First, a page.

1953-1979 History of Iran 1989-2003






Islamic Republic, 1979-1989


Islamic Revolution . In 1978, Shah Reza Pahlevi underwent treatment against cancer in a US clinic. Ayatollah Khomeini, the unquestioned leader of Iran's Shiite community, from his exile in France sent cassette tapes of his sermons, in which he called for the overthrow of the Iranian government. These cassettes were played in mosques all over Iran. Prime Minister Mehdi Bazargan (Feb.-Nov. 1979), himself a returned exile and liberal reformer, faced a mass movement calling for the overthrow of monarchy and secular democratic institutions. The Iranian army found itself under siege by the Revolutionary Guard. When Bazargan resigned, the Islamic Republic was proclaimed.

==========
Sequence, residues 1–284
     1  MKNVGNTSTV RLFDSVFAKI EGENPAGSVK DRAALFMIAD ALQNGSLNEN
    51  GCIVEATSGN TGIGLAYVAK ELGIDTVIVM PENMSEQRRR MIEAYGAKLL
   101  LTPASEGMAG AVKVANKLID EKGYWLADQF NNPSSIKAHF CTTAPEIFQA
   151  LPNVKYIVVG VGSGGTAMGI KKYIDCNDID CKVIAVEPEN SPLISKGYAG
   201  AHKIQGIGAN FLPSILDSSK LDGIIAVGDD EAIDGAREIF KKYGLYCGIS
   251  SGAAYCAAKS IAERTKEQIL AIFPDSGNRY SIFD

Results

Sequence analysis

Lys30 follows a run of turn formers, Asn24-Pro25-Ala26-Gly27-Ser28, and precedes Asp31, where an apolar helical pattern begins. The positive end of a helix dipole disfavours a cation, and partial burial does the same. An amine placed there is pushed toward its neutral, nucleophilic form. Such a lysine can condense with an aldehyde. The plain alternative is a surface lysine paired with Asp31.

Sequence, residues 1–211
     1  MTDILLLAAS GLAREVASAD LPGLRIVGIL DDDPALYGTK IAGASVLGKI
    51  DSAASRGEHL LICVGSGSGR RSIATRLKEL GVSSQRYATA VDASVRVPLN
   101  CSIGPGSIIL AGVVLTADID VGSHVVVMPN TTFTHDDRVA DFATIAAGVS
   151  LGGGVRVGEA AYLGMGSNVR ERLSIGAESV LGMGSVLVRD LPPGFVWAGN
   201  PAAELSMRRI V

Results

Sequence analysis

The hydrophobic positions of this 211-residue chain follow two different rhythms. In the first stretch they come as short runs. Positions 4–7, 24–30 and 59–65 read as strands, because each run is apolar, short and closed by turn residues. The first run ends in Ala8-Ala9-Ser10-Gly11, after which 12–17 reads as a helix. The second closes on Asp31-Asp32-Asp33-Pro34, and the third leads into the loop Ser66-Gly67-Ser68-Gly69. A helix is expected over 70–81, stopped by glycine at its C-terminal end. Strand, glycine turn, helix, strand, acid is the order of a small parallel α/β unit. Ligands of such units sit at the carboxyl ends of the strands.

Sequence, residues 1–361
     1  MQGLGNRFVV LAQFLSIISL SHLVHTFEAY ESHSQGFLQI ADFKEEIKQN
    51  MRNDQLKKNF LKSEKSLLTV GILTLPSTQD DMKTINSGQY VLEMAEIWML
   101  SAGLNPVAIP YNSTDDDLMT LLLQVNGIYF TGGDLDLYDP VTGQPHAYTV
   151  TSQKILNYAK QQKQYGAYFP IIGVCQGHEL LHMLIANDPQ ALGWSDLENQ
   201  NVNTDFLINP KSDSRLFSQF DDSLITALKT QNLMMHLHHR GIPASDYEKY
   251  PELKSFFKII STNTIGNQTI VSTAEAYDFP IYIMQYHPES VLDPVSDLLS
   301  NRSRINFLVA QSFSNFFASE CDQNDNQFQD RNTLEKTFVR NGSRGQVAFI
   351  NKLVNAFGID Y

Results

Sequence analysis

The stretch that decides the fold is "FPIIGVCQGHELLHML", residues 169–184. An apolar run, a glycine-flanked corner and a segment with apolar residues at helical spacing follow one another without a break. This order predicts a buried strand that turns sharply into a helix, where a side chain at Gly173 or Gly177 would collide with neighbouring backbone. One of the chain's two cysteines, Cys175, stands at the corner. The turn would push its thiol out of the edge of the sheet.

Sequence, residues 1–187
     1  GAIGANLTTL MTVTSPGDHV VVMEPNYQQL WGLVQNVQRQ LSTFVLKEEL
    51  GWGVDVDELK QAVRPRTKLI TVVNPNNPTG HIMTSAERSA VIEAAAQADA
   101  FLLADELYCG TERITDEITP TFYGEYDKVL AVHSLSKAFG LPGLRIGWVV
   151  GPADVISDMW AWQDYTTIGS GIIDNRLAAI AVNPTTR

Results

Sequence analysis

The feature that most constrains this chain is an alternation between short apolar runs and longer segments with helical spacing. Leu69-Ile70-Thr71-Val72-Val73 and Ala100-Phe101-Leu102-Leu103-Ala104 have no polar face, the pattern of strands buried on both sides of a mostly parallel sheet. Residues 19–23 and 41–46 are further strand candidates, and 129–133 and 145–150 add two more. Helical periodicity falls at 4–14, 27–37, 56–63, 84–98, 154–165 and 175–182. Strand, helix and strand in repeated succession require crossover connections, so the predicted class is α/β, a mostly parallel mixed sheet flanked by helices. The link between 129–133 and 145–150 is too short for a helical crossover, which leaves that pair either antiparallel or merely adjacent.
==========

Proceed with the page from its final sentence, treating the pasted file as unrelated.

Constitution and Administration . The monarchy was abolished. Iran's parliament, the Majlis, continued to function, regular elections being held. The Shiite clergy, represented by the Council of Guardians, exercises control over the democratic process by screening candidates running for office, and barring those deemed not suitable to represent the Islamic Republic.
Ayatollah Khomeini held the position of de-facto head-of-state, the guiding figure behind the Islamic Revolution.